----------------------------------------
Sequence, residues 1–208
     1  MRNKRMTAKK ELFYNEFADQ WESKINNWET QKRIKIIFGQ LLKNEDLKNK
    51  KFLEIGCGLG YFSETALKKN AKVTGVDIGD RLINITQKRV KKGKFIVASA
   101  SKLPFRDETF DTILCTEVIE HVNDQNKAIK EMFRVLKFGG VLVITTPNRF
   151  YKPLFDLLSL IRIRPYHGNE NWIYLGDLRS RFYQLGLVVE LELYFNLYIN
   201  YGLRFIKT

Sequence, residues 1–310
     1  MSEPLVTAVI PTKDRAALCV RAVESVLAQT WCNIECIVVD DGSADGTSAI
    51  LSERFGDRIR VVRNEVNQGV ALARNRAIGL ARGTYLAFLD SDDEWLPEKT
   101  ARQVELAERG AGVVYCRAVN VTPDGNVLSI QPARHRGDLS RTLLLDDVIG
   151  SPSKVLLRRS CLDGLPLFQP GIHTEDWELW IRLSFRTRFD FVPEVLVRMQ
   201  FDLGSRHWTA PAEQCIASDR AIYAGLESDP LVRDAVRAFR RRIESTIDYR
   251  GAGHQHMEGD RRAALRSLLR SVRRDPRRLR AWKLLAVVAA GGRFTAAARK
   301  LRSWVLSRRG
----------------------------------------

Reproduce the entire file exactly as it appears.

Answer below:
Sequence, residues 1–208
     1  MRNKRMTAKK ELFYNEFADQ WESKINNWET QKRIKIIFGQ LLKNEDLKNK
    51  KFLEIGCGLG YFSETALKKN AKVTGVDIGD RLINITQKRV KKGKFIVASA
   101  SKLPFRDETF DTILCTEVIE HVNDQNKAIK EMFRVLKFGG VLVITTPNRF
   151  YKPLFDLLSL IRIRPYHGNE NWIYLGDLRS RFYQLGLVVE LELYFNLYIN
   201  YGLRFIKT

Sequence, residues 1–310
     1  MSEPLVTAVI PTKDRAALCV RAVESVLAQT WCNIECIVVD DGSADGTSAI
    51  LSERFGDRIR VVRNEVNQGV ALARNRAIGL ARGTYLAFLD SDDEWLPEKT
   101  ARQVELAERG AGVVYCRAVN VTPDGNVLSI QPARHRGDLS RTLLLDDVIG
   151  SPSKVLLRRS CLDGLPLFQP GIHTEDWELW IRLSFRTRFD FVPEVLVRMQ
   201  FDLGSRHWTA PAEQCIASDR AIYAGLESDP LVRDAVRAFR RRIESTIDYR
   251  GAGHQHMEGD RRAALRSLLR SVRRDPRRLR AWKLLAVVAA GGRFTAAARK
   301  LRSWVLSRRG